fantastic; the entire movie is given a grim and dirty look, with
overcast skies and dour color tones. Our lead, Dequenne, isn’t
just some random hottie. She is truly excellent, making Charlotte
completely lived-in – we learn everything we need to know about the
character just from the way she carries herself. Which isn’t
to say she isn’t a hottie too. Dequenne is sublimely sexy in
that unhealthy, constantly smoking, and surly way that only French girls
can inexplicably pull off. Another stand out is Nahon, as the pervy but
ultimately heroic Chinaski. Dr. Loomis didn’t wear a
“Fucks On the First Date” T-shirt at all times (and I
mean, all times; the film spans a week or so). The crowd I saw the film
with actually cheered when Chinaski narrowly escapes death by using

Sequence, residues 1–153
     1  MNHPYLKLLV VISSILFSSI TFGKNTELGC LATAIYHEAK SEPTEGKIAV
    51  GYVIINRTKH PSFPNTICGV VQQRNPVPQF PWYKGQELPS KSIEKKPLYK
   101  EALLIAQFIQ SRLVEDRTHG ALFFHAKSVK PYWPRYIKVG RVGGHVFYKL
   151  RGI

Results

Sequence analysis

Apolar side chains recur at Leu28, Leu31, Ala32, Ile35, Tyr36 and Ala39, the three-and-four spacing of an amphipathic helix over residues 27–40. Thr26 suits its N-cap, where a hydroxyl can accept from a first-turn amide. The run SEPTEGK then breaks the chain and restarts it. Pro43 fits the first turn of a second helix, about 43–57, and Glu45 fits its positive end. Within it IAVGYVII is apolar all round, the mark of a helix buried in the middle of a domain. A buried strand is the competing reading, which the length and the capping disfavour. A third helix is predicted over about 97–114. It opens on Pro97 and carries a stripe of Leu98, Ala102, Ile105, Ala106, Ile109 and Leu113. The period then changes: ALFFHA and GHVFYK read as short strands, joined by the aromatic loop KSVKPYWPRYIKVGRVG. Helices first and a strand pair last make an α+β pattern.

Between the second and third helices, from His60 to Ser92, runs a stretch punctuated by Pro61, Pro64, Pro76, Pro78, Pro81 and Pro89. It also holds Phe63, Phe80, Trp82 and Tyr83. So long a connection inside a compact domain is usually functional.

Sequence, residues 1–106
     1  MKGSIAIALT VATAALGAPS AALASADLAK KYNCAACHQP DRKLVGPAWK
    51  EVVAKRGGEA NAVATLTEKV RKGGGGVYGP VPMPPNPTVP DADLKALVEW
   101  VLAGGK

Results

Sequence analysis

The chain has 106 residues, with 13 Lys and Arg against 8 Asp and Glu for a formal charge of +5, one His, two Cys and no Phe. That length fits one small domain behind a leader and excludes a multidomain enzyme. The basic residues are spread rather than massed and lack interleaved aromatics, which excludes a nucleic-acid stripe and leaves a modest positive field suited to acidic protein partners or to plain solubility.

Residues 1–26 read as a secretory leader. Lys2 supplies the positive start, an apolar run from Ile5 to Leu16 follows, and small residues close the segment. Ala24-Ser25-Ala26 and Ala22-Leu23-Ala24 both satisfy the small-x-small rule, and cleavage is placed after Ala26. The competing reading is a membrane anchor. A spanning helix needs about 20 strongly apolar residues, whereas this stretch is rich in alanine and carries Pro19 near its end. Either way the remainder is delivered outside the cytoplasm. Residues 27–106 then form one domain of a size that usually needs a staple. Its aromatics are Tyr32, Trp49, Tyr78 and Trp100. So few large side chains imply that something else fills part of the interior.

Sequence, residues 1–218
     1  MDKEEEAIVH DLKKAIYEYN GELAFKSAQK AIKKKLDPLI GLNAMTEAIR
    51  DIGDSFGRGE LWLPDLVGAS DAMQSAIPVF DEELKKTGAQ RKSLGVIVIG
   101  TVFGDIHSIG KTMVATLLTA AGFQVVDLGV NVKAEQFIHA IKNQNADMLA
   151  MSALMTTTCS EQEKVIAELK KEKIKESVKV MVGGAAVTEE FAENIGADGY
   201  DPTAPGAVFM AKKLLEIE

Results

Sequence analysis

some powers of observation.

At
first it also seems the like film is provoking some interesting
subtext. It is revealed (to us) almost immediately after Charlotte picks
up Max, that Max is no good, which I thought made the context in which
Charlotte met him intriguing. She only stops her car because some men
are harassing her, so Max is meant to be a form of protection – she is
turning to a man to protect her from other men. Yet now she finds
herself with another nefarious fellow. Maybe it’s just cause the film is
French, but I falsely assumed this was to mean something thematically. As it turns out, that is simply how events went down. Nothing more.



Once
Charlotte is captured by La Spack and thrown into a cage, the film does
something I always appreciate and enjoy in horror or suspense films: